HOW TO: protect your PC against DNSChanger malware
Next week is Cyber Security Awareness week so it’s a good time to make sure we’ve all got the necessary security controls and anti-virus software in place; and our computers and the personal information we store on them is protected.
One of the most virulent malicious software (malware) to emerge in recent times is DNSChanger, with an estimated four million users affected worldwide.
The DNSChanger malware can alter a PC’s Domain Name System (DNS) settings, and potentially the settings of devices such as cable and ADSL modems. As a result, Internet queries are directed to unintended and potentially illegal sites via rogue DNS servers, which were controlled by a sophisticated ring of Estonian hackers. Following a two year investigation, the FBI cracked the hacking ring and replaced these rogue servers with legitimate (albeit temporary) ones, so people could browse the internet as normal.
On July 9 2012, the FBI is required to deactivate these legitimate servers, so anyone that has a computer infected with DNSChanger will no longer be able to browse the Internet. The story behind the DNSChanger malware is intriguing and although it sounds like a sci-fi movie, the reality is these situations are increasingly commonplace.. Everyone that uses a computer or device that accesses the Internet needs to take responsibility to ensure they’re not infected.
You may not notice anything when you’ve been infected by DNSChanger, but it does change the DNS (domain name system) settings on your computer. DNS is an Internet service that translates domain names (or Internet addresses) into IP (Internet protocol) addresses – effectively acting like a massive address book that directs you to the site you’re after.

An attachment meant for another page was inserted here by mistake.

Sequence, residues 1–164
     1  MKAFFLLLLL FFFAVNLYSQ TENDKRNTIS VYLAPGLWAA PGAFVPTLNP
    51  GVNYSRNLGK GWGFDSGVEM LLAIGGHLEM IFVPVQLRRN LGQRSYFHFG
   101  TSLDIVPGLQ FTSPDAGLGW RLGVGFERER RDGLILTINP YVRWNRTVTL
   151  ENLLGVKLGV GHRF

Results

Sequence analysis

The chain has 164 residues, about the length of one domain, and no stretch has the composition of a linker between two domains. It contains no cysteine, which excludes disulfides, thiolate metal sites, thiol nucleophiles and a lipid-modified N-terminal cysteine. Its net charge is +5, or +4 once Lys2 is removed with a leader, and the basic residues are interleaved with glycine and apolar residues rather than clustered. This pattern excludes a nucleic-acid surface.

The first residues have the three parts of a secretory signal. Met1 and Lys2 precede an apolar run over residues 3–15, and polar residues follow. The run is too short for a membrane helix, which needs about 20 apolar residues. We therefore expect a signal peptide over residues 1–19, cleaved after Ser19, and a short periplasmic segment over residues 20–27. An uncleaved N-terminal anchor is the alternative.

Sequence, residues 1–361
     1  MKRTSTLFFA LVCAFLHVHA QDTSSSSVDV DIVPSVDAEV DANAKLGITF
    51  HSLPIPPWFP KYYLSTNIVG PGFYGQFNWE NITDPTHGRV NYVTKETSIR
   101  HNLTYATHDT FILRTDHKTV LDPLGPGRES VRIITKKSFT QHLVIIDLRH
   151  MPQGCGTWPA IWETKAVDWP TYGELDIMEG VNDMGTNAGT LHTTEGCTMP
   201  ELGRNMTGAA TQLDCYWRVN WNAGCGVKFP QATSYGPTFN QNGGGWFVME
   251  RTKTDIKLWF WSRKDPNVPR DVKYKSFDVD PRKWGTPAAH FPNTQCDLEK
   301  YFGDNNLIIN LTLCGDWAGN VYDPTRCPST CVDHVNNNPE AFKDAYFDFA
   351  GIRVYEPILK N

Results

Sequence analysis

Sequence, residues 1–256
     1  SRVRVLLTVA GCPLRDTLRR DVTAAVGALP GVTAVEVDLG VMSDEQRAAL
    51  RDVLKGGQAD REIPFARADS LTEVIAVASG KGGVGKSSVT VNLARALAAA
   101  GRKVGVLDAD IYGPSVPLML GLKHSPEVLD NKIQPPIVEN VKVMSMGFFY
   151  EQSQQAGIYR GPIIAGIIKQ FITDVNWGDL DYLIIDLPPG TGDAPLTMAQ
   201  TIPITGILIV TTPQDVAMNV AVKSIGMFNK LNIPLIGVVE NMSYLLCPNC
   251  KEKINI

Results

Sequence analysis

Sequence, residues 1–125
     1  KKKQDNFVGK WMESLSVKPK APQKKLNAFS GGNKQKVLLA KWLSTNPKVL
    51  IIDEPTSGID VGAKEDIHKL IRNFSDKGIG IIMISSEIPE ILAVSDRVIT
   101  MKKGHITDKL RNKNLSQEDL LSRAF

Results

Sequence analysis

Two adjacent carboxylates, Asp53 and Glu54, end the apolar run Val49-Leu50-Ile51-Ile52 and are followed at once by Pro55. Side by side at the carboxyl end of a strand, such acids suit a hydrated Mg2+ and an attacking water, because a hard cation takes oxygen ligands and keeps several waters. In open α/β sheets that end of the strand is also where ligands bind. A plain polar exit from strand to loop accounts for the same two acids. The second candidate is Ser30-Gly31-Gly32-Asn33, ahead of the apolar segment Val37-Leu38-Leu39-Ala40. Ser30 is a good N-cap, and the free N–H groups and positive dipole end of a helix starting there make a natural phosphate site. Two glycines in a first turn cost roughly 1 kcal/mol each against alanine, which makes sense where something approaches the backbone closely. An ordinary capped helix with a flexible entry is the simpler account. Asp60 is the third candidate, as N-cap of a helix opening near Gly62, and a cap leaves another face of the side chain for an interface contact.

So with 9 July looming as a potential Internet doomsday, have you checked to see if you are infected?
How to self-check if you’re infected
The good news is it’s really easy to check if you’re infected with the DNSChanger malware by visiting ACMA’s website. If you’re safe you’ll see a green icon; if you’re infected you’ll see a red icon. It’s a good idea to visit this website from all the computers you use.
How you can fix your infected computer
If you are infected, there are two things you need to do: remove the DNSChanger malware and correct your DNS settings.
DNSChanger removal tool
Microsoft’s Malicious Software Removal Tool (MSRT) is a free downloadable application that can scan a computer and remove common viruses and malware, including the DNS Changer malware. Once you’ve scanned your computer, it’s important to visit the ACMA website again and if you see the red icon that indicates you are infected, you may need to correct your DNS settings.
Correcting your DNS settings
Your computer’s DNS settings can be found in your computer’s control panel and the way you change them depends on which operating system (ie Windows XP, Windows 7) you’re using. The DNS settings you should use are also generally provided by your Internet Service Provider. BigPond’s DNS settings are available on BigPond.com as well as some instructions for checking with Windows XP/2000 and Vista.
How Telstra is helping…
BigPond customers that are infected won’t lose access to the internet on 9 July. Telstra is engineering a temporary network solution to redirect Internet traffic away from the FBI servers targeted for deactivation. The redirection is temporary, but will give us more time to contact these customers and help them to remove the malware and fix their DNS settings.